The World in NYC: Italy

By Walter Godinez | December 21, 2012

The World in NYC: Italy

The World in NYC: Italy

Between 1820 and 1978, 5.3 million Italians immigrated to the United States but the Italian immigration wave hit its peak in the late 19th century and early 20th century. Only the Irish and Germans have immigrated in larger numbers than the Italians.

Believe it or not, in the 1920s Little Italy, the downtown neighborhood that comprises parts of Chinatown, Soho and Greenwich Village, was the home to over 390,000 residents, most of whom were Italian. The narrow streets were filled with Italian flags and shops and certain streets even represented different areas of the "old country:"  Northern Italians tended to live on Bleecker Street while Southern Italians lived on Mott Street.

Now, according to the National Italian American Foundation, the New York City metropolitan area is now home to over 1.8 million Italian Americans. But when it comes to Little Italy itself, times have certainly changed. The 2000 U.S. Census showed that only 6 percent of the residents in Little Italy were Italian American and Little Italy has only seemed to get smaller. What surprises many is that by the 2010 Census, there weren’t any Italian born residents living in the Little Italy neighborhood. Little Italy,once the heart of Italian American life in New York City, now exists as merely a nostalgic memory in the mind of tourists who are looking to experience the culture of one of New York City’s oldest immigrant groups.

 

Little Italy

 

These days, much of the Little Italy neighborhood has been absorbed by Chinatown. What was once a large neighborhood is now primarily Mulberry Street between Broome and Canal Streets. When you escape the pandemonium that Chinatown can be and enter Mulberry Street, you’ll find yourself in a world in which food takes center stage. Little Italy is still home to a lot of Italian food in the city, but you have to be careful not to land in a tourist trap. The truth is that the majority of Italians left the neighborhood because as they began achieving financial prosperity they opted for more spacious neighborhoods in places like Queens and Brooklyn. In 2010, Little Italy along with Chinatown was listed in a single historic district on the National Register of Historic Places.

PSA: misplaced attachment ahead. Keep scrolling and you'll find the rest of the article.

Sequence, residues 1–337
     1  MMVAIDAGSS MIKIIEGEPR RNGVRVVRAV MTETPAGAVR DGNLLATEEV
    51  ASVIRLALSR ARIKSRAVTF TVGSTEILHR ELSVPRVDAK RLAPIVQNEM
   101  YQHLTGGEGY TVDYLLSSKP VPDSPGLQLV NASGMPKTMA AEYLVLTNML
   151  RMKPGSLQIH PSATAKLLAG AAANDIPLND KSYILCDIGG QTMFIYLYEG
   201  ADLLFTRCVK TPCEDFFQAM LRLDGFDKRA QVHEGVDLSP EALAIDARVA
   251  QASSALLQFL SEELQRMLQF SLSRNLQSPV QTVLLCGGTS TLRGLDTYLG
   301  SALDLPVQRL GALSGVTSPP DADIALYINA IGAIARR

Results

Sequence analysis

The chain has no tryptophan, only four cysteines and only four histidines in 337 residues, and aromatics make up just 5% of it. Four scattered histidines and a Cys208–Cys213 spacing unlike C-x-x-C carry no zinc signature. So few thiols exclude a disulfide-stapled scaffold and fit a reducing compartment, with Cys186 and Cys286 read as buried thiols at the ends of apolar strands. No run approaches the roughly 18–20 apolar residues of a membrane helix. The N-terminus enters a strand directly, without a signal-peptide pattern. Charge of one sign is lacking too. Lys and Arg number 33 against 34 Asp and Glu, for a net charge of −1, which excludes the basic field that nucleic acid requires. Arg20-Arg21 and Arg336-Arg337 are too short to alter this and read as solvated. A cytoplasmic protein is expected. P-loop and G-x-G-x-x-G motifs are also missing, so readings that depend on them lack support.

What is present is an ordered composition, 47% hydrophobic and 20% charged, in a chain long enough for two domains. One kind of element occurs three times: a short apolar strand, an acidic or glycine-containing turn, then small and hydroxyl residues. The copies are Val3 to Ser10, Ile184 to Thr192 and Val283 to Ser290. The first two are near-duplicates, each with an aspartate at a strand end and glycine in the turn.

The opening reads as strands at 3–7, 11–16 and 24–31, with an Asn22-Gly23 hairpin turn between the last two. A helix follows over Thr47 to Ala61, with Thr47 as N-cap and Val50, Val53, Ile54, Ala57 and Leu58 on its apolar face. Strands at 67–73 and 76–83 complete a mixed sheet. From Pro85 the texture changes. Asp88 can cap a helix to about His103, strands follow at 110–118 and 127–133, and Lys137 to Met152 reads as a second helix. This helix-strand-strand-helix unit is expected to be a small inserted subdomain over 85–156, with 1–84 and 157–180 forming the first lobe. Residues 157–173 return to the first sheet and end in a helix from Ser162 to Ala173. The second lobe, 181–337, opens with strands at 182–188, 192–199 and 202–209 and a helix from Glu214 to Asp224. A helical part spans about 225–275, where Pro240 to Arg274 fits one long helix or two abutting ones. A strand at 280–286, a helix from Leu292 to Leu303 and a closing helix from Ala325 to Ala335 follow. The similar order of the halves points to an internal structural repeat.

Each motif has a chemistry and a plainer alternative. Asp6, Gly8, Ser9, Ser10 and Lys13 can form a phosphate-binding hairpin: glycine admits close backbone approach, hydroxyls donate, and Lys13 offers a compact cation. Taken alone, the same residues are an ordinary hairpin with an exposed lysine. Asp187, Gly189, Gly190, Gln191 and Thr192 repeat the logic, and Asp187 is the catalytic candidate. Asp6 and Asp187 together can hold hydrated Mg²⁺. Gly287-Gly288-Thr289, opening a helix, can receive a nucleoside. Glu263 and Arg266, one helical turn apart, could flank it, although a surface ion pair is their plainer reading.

Still, there are some places worth visiting in Little Italy. These include:

Parisi Bakery: Walking into Parisi Bakery, you can immediately tell that the bakery is from Little Italy’s golden days. With its simple mom and pop décor you would think you’ve been transported back to the 1970s and if there is any reason at all that you should visit Little Italy, Parisi is it. We love bargains and Parisi Bakery’s sandwiches are definitely a bargain. Our favorites include the chicken cutlet and fresh mozzarella sandwich as well as the egg and potato sandwich.  These enormous sandwiches are priced between $6-$8 each and can easily be shared by two, maybe even three people. If you find deli sandwiches in New York City that are tastier, please tell us.
Address: 198 Mott Street, New York, NY

Sambuca’s Café: Located on Mulberry Street, Sambuca’s Café is in the heart of modern day Little Italy. While shopping around the area, stop in and have some of their great cappuccino and grilled chicken panini. Sambuca’s has a very intimate and casual atmosphere and makes for a great pit stop.
Address: 105 Mulberry Street, New York, NY

Epistrophy: Leaving the boundary of Little Italy, you can walk right into a “true” Italian place – where the owner is a first generation Italian from Sardegna. This Nolita wine bar is a romantic and inviting space which also serves wonderful Italian appetizers and small dishes. In warmer weather the doors are open to the street and it is very reminiscent of Italy.
Address: 200 Mott Street, New York, NY